The quest and having something to prove drove the adrenaline. What in the foothills of the Blue Ridge Mountains provided that treasure of a story… I drove for many hours and spoke to many people, and it was just my luck that this Sunday was the day all the major horse owners and ranch managers would be in Richmond, spending the day at the track. The sun was going down and the eastern shadow was slowly creeping across the valley. Did I just waste a day with no picture and no contact, but worst of all no story? I was about to give up when out of the corner of my eye as I passed, I saw a little old lady driving a lawn tractor on a small family owned horse farm. As I turned the car around, pulled in and lowered my window she called out above the barking dogs, “May I help you?” I told her I was in search of a story in the setting of Virginia horse country, and without hesitation she walked up to me, leaned in and said, “Well.. it sounds like you were looking for me!”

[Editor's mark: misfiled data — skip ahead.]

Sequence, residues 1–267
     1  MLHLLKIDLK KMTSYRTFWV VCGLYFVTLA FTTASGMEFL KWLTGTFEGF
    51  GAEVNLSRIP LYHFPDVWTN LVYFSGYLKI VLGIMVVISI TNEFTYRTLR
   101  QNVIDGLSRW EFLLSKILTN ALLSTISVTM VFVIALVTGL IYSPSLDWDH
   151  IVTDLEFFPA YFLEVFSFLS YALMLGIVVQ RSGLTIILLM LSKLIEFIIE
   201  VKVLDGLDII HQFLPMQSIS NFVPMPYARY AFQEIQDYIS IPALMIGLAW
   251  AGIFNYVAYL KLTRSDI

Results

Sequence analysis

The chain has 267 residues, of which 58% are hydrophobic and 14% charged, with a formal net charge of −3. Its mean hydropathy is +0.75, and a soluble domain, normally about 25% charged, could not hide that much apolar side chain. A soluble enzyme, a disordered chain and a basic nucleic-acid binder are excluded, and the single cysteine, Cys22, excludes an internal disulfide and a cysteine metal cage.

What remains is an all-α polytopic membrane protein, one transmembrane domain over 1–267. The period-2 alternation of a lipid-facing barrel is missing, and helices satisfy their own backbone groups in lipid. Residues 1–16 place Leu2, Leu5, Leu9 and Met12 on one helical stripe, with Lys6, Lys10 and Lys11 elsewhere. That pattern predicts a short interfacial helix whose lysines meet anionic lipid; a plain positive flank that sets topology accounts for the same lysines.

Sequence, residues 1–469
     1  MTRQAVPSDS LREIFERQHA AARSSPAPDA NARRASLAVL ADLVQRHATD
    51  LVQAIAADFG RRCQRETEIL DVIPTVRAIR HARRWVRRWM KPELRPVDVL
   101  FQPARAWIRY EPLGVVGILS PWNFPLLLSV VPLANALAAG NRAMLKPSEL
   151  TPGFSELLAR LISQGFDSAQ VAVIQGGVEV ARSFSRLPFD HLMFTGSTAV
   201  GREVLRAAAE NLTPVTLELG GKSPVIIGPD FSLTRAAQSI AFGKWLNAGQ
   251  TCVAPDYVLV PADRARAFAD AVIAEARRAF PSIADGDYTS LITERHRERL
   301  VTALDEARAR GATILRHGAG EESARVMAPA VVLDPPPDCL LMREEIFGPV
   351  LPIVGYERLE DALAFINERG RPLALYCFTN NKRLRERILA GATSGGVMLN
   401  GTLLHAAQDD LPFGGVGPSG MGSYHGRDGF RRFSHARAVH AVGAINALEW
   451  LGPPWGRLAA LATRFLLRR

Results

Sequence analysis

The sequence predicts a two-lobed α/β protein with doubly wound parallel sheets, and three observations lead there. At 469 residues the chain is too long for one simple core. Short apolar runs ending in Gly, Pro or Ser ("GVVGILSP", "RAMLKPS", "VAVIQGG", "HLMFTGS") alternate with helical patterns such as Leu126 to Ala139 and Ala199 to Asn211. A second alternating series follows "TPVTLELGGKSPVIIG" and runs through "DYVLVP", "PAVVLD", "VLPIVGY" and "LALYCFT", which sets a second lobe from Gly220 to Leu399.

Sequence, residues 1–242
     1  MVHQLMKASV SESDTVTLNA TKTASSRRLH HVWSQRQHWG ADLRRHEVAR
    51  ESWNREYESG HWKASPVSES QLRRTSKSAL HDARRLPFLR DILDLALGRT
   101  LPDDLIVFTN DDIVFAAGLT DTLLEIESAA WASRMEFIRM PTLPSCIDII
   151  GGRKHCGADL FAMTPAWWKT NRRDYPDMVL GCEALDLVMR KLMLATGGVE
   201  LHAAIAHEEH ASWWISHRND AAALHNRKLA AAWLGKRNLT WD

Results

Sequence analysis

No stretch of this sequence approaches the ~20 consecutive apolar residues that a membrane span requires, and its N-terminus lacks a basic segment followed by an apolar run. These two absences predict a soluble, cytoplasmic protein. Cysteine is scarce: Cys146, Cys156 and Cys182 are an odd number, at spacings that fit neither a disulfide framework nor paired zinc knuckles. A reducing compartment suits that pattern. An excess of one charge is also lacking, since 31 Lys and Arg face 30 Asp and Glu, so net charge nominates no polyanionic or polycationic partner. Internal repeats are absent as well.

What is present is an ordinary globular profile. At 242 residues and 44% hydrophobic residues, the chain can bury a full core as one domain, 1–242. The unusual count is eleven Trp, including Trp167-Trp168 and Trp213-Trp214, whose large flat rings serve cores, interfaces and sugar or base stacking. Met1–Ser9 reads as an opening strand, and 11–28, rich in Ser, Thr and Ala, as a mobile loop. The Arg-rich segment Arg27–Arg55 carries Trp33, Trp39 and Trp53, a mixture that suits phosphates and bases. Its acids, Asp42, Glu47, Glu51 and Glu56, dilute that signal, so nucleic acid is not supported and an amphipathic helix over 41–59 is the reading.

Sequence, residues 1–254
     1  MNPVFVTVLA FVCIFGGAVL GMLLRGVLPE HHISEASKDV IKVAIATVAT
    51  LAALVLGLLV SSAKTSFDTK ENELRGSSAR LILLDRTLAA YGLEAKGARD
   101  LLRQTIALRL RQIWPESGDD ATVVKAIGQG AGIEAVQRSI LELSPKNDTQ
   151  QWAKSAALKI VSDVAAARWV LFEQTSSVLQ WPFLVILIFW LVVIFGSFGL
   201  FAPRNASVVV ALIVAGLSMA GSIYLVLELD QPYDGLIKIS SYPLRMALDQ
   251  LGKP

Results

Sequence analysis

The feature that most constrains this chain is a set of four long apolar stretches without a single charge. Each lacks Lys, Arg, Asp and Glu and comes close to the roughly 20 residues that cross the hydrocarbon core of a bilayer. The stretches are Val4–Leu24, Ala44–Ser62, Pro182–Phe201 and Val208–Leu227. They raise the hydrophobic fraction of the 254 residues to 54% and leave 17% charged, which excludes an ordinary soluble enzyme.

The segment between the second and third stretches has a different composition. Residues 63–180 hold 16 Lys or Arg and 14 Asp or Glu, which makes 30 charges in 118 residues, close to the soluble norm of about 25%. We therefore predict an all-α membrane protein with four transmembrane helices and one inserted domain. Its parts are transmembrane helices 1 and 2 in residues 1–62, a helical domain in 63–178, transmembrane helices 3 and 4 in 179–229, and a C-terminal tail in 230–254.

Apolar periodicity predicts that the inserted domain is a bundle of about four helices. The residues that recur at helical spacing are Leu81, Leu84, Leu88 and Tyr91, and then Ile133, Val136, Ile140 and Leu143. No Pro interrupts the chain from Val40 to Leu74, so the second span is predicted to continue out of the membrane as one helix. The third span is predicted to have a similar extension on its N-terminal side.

Her name was Phyllis and she was a strong 70-year old woman who took care of the horses from sun up to sun down. This was a wonderful family and she was the matriarch that allowed me in their lives for a very brief period, and this century old, family owned farm showed the love they had for this life and the struggle they faced in retaining this lifestyle for future generations, where the appeal to live and work on the farm fell on one little granddaughter. As I worked, the voices of Nachtway and Harvey were never far away.